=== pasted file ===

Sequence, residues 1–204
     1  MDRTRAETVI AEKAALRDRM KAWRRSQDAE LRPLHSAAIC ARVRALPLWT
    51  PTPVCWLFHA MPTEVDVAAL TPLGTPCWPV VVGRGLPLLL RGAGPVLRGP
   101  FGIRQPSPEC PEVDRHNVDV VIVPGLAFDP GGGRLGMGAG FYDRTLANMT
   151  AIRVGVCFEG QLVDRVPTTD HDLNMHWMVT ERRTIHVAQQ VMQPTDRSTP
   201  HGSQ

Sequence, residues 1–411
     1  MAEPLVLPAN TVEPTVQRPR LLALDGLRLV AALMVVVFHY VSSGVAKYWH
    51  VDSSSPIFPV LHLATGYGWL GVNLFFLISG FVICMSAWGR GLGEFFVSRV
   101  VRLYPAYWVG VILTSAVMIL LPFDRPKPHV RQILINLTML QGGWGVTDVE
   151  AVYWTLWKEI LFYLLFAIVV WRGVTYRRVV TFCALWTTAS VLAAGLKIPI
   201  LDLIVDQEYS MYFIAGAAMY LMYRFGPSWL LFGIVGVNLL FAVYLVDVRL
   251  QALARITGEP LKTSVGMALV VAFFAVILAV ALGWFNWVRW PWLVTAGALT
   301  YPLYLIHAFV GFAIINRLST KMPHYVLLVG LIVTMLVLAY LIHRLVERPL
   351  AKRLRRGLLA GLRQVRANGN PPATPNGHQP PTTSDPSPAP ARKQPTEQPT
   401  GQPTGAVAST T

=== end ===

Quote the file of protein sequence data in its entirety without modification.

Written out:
Sequence, residues 1–204
     1  MDRTRAETVI AEKAALRDRM KAWRRSQDAE LRPLHSAAIC ARVRALPLWT
    51  PTPVCWLFHA MPTEVDVAAL TPLGTPCWPV VVGRGLPLLL RGAGPVLRGP
   101  FGIRQPSPEC PEVDRHNVDV VIVPGLAFDP GGGRLGMGAG FYDRTLANMT
   151  AIRVGVCFEG QLVDRVPTTD HDLNMHWMVT ERRTIHVAQQ VMQPTDRSTP
   201  HGSQ

Sequence, residues 1–411
     1  MAEPLVLPAN TVEPTVQRPR LLALDGLRLV AALMVVVFHY VSSGVAKYWH
    51  VDSSSPIFPV LHLATGYGWL GVNLFFLISG FVICMSAWGR GLGEFFVSRV
   101  VRLYPAYWVG VILTSAVMIL LPFDRPKPHV RQILINLTML QGGWGVTDVE
   151  AVYWTLWKEI LFYLLFAIVV WRGVTYRRVV TFCALWTTAS VLAAGLKIPI
   201  LDLIVDQEYS MYFIAGAAMY LMYRFGPSWL LFGIVGVNLL FAVYLVDVRL
   251  QALARITGEP LKTSVGMALV VAFFAVILAV ALGWFNWVRW PWLVTAGALT
   301  YPLYLIHAFV GFAIINRLST KMPHYVLLVG LIVTMLVLAY LIHRLVERPL
   351  AKRLRRGLLA GLRQVRANGN PPATPNGHQP PTTSDPSPAP ARKQPTEQPT
   401  GQPTGAVAST T